Friday, December 2, 2011

A fate worse than death?

I attended a fascinating conference Wednesday at the Montreal Children's Hospital on ethics related to the care of children with disabilities.

One of the themes was cultural devaluing of children with disabilities – and how it can play out in decision-making about care, including whether to withdraw care from premature newborns with significant disability.

A neonatologist in the audience made the following comment.

“There is a feeling among my colleagues – an unspoken and probably unconscious bias – between physical and mental disability. Sometimes neonatologists think if you're not perfect mentally, you're better off dead. But when it comes to physical disability, they will go a long way with interventions.”

Neonatalogists care for newborns with complex, life-threatening problems related to prematurity, illness or congenital disability.

I think the stigma that intellectual disability is worse than physical disability is widespread, even within the disability community itself.

We can't know if what the doctor said about the pervasiveness of this attitude in neonatology is true. Perhaps she is ascribing her own bias to others. But it would certainly be shocking if specialists trained in the care of disabled newborns held such views.

According to the American Academy of Pediatrics, neonatologists go to medical school for four years, then train as pediatrics residents for three years, then train for three more years in newborn intensive care. That’s a decade of learning.

Is it reasonable to expect that in this 10-year span the attitude that intellectual disability is worse than death would be challenged?

Neonatologists, as part of their training, should be required to have extensive interaction with families of children with intellectual and other disabilities, so they have a firsthand understanding of what life with these conditions is like. I hope we hear from a neonatologist about what kind of exposure to families of children with disabilities is included in their training.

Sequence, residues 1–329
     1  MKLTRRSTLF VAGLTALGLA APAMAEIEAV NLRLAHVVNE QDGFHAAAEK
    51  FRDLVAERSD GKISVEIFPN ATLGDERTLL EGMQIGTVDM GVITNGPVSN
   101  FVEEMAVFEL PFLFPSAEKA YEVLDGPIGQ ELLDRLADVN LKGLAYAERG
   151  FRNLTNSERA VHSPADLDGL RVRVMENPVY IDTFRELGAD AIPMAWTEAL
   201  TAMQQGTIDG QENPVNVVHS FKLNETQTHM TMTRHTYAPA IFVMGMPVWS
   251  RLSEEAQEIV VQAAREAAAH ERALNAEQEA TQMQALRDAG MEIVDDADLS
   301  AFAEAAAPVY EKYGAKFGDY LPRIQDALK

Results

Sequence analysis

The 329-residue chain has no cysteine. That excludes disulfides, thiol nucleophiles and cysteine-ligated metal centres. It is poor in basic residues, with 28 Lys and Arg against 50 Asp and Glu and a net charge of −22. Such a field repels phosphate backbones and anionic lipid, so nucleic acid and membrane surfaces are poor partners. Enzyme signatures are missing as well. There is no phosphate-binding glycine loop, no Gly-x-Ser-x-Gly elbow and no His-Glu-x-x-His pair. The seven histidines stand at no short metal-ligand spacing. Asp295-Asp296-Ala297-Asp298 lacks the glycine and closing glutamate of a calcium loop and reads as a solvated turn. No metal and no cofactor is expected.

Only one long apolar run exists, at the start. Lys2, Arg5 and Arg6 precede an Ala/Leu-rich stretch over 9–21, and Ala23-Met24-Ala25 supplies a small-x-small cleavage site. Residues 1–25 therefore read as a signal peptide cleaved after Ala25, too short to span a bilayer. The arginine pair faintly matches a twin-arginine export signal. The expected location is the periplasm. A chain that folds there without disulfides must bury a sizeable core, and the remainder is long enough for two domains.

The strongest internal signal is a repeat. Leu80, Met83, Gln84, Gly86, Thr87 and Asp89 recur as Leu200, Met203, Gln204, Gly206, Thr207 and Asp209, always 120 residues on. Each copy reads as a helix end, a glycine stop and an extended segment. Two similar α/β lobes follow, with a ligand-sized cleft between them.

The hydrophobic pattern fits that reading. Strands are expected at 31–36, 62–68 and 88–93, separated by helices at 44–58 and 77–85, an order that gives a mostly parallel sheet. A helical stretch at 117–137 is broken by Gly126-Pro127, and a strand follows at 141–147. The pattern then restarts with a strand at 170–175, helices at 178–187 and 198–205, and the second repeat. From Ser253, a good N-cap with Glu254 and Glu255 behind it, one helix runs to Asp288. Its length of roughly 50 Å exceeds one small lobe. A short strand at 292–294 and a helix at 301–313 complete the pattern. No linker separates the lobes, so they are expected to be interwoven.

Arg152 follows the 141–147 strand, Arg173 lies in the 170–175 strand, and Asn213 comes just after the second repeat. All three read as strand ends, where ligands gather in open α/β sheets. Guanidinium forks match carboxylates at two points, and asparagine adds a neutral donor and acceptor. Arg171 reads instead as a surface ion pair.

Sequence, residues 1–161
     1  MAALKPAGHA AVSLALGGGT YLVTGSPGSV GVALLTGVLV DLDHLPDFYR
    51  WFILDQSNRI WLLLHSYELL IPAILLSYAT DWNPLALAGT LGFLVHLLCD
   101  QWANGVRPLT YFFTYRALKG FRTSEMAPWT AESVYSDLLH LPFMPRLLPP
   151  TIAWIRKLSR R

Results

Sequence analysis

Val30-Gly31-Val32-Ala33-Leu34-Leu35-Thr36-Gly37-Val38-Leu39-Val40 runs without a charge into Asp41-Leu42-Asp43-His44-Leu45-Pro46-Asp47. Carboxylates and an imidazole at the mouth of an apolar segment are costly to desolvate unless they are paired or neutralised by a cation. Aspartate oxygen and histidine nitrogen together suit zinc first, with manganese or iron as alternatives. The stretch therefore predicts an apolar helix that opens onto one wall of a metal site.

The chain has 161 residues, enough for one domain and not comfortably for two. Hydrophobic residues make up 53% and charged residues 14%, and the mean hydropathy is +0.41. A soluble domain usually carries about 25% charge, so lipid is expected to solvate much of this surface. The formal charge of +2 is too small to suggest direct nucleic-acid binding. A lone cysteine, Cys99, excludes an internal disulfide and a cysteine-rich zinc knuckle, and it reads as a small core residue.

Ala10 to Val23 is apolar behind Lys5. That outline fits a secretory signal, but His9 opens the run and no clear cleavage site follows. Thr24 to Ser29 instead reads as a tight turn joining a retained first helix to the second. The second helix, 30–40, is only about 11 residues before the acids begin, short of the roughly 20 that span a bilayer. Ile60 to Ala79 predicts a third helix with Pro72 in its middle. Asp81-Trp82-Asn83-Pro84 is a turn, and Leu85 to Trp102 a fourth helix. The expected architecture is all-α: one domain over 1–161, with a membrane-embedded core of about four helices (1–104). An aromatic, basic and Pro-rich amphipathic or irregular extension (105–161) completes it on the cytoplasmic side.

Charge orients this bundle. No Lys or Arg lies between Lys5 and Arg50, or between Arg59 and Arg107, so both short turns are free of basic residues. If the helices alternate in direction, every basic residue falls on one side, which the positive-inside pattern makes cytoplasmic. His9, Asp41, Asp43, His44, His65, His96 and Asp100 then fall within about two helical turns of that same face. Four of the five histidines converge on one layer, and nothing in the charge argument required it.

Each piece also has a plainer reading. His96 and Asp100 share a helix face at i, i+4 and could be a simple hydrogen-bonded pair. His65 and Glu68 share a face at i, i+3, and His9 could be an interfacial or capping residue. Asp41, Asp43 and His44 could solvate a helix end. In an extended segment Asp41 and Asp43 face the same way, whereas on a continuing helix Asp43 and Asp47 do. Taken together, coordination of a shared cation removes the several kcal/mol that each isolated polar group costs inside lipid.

At the Montreal conference we also heard about the Disability Paradox – that people with serious disabilities rate their lives as good or excellent while able-bodied people, particularly medical professionals, rate quality of life in people with disabilities as poor.

And we heard about research that shows that the way a health problem is framed influences the decision a family makes about treatment choices. How clinicians order information, the words they choose and even the tone of their voice can have a significant impact on how parents of children make medical decisions.

If a neonatologist were to believe that intellectual disability is a fate worse than death, how could that bias not seep through when conveying this diagnosis to families? Wouldn't that belief run contrary to communicating that a child with intellectual disability has value?

When a life hangs in the balance, I believe parents should receive the most complete information about intellectual disability, including the perspectives of families whose children live with it.


Reminds me of an old article Ian Brown did in The Globe. He quotes one neonatologist as saying Some parents consider any likelihood of disability too much. "The higher you are socio-economically, the less likely you are to want the complications,"